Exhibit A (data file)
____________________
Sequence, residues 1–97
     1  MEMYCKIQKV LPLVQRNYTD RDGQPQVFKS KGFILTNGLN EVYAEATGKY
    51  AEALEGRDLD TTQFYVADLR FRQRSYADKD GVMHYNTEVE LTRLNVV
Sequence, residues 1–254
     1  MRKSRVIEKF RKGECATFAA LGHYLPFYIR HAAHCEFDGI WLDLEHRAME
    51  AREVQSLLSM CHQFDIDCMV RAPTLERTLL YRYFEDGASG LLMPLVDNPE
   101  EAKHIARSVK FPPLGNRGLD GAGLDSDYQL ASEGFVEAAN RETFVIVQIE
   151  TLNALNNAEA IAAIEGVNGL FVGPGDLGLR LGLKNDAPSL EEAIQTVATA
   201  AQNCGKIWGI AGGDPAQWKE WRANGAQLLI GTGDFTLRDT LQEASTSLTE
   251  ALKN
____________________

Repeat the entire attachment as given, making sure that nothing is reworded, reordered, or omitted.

Sequence, residues 1–97
     1  MEMYCKIQKV LPLVQRNYTD RDGQPQVFKS KGFILTNGLN EVYAEATGKY
    51  AEALEGRDLD TTQFYVADLR FRQRSYADKD GVMHYNTEVE LTRLNVV
Sequence, residues 1–254
     1  MRKSRVIEKF RKGECATFAA LGHYLPFYIR HAAHCEFDGI WLDLEHRAME
    51  AREVQSLLSM CHQFDIDCMV RAPTLERTLL YRYFEDGASG LLMPLVDNPE
   101  EAKHIARSVK FPPLGNRGLD GAGLDSDYQL ASEGFVEAAN RETFVIVQIE
   151  TLNALNNAEA IAAIEGVNGL FVGPGDLGLR LGLKNDAPSL EEAIQTVATA
   201  AQNCGKIWGI AGGDPAQWKE WRANGAQLLI GTGDFTLRDT LQEASTSLTE
   251  ALKN